This week brings us the release of five economic reports that have the potential to affect mortgage rates. There is nothing of importance on the economic front scheduled for Monday, so look for stock trading to have the biggest influence on bond trading and mortgage pricing. We do have round two of earnings releases that can significantly impact the stock markets and help direct funds into or away from mortgage-related bonds. Strong earnings reports should fuel a stock rally that pressures bonds and leads to higher mortgage rates. On the other hand, disappointing earnings news should make bonds more attractive and lead to rate improvements, particularly on days that we don’t get any economic data.
March’s Consumer Price Index (CPI) is the first report of the week at 8:30 AM ET Tuesday. This index is one of the most important pieces of data we see each month. It is similar to last week’s PPI but measures inflationary pressures at the consumer level of the economy. If inflation is rapidly rising, bonds become less appealing to investors, leading to bond selling and higher mortgage rates. There are two readings in the index that traders watch- the overall and the core data that excludes more volatile food and energy prices. Analysts are expecting to see a 0.1%decline in the overall readings and a 0.2% rise in the core reading. The core data is the more important reading, which ideally will show a decline in prices at the consumer level.
March’s Housing Starts is the next report, also coming early Tuesday morning. It gives us a measurement of housing sector strength and mortgage credit demand by tracking starts of new home construction and the number of permits issued for future starts. This data usually doesn’t cause much movement in mortgage pricing unless it varies greatly from forecasts. It is expected to show a small increase in construction starts of new homes. Good news for the bond market and mortgage rates would be a decline in home starts, indicating housing sector weakness.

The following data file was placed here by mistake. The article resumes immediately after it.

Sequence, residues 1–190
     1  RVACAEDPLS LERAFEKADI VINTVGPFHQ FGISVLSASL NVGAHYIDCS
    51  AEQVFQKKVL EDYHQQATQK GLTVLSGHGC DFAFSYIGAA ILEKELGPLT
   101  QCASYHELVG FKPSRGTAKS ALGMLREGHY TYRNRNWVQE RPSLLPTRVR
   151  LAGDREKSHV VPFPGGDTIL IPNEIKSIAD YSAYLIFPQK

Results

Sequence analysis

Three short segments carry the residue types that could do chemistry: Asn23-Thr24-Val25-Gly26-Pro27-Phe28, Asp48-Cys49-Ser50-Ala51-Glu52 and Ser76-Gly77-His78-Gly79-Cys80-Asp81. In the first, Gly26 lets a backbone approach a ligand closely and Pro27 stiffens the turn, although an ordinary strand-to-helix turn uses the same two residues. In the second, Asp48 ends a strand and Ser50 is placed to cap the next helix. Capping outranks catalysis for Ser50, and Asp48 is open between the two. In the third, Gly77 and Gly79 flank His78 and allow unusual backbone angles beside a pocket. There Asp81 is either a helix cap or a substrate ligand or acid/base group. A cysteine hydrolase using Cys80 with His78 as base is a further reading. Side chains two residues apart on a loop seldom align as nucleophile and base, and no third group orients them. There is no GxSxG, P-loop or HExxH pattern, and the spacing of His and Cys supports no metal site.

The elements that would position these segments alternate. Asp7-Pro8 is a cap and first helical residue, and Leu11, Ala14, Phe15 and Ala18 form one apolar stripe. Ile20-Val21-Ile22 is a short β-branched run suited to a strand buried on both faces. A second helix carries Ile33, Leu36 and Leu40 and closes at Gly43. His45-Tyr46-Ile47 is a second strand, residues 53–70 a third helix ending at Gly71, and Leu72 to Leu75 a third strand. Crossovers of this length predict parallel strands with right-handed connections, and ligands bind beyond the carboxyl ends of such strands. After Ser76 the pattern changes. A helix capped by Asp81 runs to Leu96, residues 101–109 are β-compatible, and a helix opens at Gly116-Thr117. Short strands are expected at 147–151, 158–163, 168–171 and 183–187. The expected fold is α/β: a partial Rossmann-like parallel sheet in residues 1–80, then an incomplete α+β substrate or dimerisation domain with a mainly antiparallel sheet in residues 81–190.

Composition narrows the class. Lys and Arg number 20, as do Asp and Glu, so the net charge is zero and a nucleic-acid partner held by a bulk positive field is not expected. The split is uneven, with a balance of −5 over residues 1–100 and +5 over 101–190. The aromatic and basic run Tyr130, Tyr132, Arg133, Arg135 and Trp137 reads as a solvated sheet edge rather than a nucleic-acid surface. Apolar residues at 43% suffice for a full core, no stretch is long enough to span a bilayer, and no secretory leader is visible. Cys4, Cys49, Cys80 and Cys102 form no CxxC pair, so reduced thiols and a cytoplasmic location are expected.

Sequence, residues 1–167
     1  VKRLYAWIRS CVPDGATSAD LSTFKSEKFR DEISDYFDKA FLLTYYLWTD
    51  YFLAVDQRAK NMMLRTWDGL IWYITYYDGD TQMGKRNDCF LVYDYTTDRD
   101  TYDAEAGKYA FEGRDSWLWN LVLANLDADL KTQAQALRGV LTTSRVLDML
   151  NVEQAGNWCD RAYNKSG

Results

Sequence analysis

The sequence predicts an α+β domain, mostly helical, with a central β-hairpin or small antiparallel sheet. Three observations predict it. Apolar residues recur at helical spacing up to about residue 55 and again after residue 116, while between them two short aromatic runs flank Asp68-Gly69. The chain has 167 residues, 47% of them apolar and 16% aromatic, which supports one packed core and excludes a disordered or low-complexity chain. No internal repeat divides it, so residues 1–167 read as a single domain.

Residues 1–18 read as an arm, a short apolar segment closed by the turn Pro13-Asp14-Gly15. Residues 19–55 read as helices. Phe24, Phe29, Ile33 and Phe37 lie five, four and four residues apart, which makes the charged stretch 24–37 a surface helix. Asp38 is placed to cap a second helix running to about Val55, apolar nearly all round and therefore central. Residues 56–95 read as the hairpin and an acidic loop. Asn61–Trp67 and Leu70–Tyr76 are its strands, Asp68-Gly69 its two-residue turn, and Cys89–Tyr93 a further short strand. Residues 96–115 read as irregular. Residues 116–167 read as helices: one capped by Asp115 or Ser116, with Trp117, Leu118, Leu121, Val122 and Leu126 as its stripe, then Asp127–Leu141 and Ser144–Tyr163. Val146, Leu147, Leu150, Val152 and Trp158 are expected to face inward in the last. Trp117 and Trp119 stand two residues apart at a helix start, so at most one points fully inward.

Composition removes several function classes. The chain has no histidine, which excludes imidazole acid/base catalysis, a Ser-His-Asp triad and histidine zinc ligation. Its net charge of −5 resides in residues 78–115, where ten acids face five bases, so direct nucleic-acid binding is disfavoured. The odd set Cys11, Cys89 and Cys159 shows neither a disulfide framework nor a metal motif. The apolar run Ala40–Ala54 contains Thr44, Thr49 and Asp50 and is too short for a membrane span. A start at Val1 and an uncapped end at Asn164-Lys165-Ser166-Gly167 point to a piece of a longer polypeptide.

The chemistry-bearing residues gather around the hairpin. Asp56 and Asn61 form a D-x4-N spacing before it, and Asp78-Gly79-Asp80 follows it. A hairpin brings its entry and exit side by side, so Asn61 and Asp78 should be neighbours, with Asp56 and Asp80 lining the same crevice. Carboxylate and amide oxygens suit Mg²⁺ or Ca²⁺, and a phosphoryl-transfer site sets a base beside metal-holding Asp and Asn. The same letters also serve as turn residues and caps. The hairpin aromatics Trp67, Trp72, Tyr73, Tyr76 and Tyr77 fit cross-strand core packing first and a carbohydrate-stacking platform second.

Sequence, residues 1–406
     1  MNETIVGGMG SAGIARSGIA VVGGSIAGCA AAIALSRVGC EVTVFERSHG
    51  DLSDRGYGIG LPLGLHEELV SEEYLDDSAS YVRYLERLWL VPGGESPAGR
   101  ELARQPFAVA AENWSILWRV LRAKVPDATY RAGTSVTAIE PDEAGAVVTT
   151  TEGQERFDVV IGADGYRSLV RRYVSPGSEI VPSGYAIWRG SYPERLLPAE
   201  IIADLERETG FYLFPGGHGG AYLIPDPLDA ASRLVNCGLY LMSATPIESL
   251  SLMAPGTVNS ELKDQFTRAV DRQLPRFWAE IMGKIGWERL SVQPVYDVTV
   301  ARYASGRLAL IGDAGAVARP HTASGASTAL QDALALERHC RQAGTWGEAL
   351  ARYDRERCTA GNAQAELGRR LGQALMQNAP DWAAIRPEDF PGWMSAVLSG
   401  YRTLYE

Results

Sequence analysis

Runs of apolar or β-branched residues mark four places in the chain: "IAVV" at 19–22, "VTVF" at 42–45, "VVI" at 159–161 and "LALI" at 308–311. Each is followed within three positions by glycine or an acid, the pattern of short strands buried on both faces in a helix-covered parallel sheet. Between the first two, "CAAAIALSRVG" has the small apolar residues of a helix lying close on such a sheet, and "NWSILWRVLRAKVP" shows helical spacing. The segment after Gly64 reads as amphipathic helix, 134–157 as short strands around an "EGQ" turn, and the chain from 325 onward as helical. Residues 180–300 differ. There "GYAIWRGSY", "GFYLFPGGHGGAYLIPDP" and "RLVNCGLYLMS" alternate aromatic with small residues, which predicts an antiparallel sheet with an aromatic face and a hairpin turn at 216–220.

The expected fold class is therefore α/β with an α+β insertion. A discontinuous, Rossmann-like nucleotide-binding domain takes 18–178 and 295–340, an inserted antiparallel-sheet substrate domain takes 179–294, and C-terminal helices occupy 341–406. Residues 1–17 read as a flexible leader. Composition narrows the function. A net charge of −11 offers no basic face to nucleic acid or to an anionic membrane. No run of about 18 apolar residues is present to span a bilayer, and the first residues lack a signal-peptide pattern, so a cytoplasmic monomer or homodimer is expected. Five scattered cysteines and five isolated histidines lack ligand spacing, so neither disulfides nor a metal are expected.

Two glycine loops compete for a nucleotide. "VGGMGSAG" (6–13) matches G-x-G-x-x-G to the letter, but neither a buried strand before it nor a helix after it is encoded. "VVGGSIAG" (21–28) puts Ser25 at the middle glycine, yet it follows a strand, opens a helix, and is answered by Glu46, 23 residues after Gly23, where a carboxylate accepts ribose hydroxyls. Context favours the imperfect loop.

The third report of the day is March’s Industrial Production data that will be posted at 9:15 AM ET. It tracks output at U.S. factories, mines and utilities, translating into an indication of manufacturing sector strength. Current forecasts are calling for an increase in production of 0.3%. This data is considered to be only moderately important to rates, so it will take more than just a slight variance to influence bond trading and mortgage pricing. Signs of manufacturing sector strength are considered negative news for mortgage rates, so a decline in output would be good news for the bond market and mortgage shoppers.
Wednesday’s only news is the Federal Reserve’s Fed Beige Book report at 2:00 PM ET. This report is named simply after the color of its cover but details economic conditions throughout the U.S. by Fed region. Since the Fed relies heavily on the contents of this report during their FOMC meetings, its results can have a fairly big impact on the financial markets and mortgage rates if it reveals any significant surprises. Generally speaking, signs of strong economic growth or inflation rising would be considered negative for bonds and mortgage rates. Slowing economic conditions with little sign of inflationary pressures would be considered favorable.
The final report of the week will be posted late Thursday morning when the Conference Board releases their Leading Economic Indicators (LEI) for March. This data attempts to measure economic activity over the next three to six months. This is considered to be a moderately important report, so we may see a slight movement in rates as a result of this data. It is expected to show no change from February’s reading, meaning it is predicting little growth in economic activity over the next several months. A decline would be considered good news for the bond market and could lead to slightly lower mortgage rates.
Overall, it will likely be a moderately active week for mortgage rates. However, unlike many weeks, the most important news comes earlier in the week. I am labeling Tuesday the most important data and Friday appears to be the best candidate for the least active day, but Monday may also be fairly quiet. The stock markets could also heavily influence bond trading and mortgage pricing any day this week as we get more corporate earnings releases. I don’t think this will be one of the more active weeks in terms of mortgage rates movement, although we should see minor changes a couple days.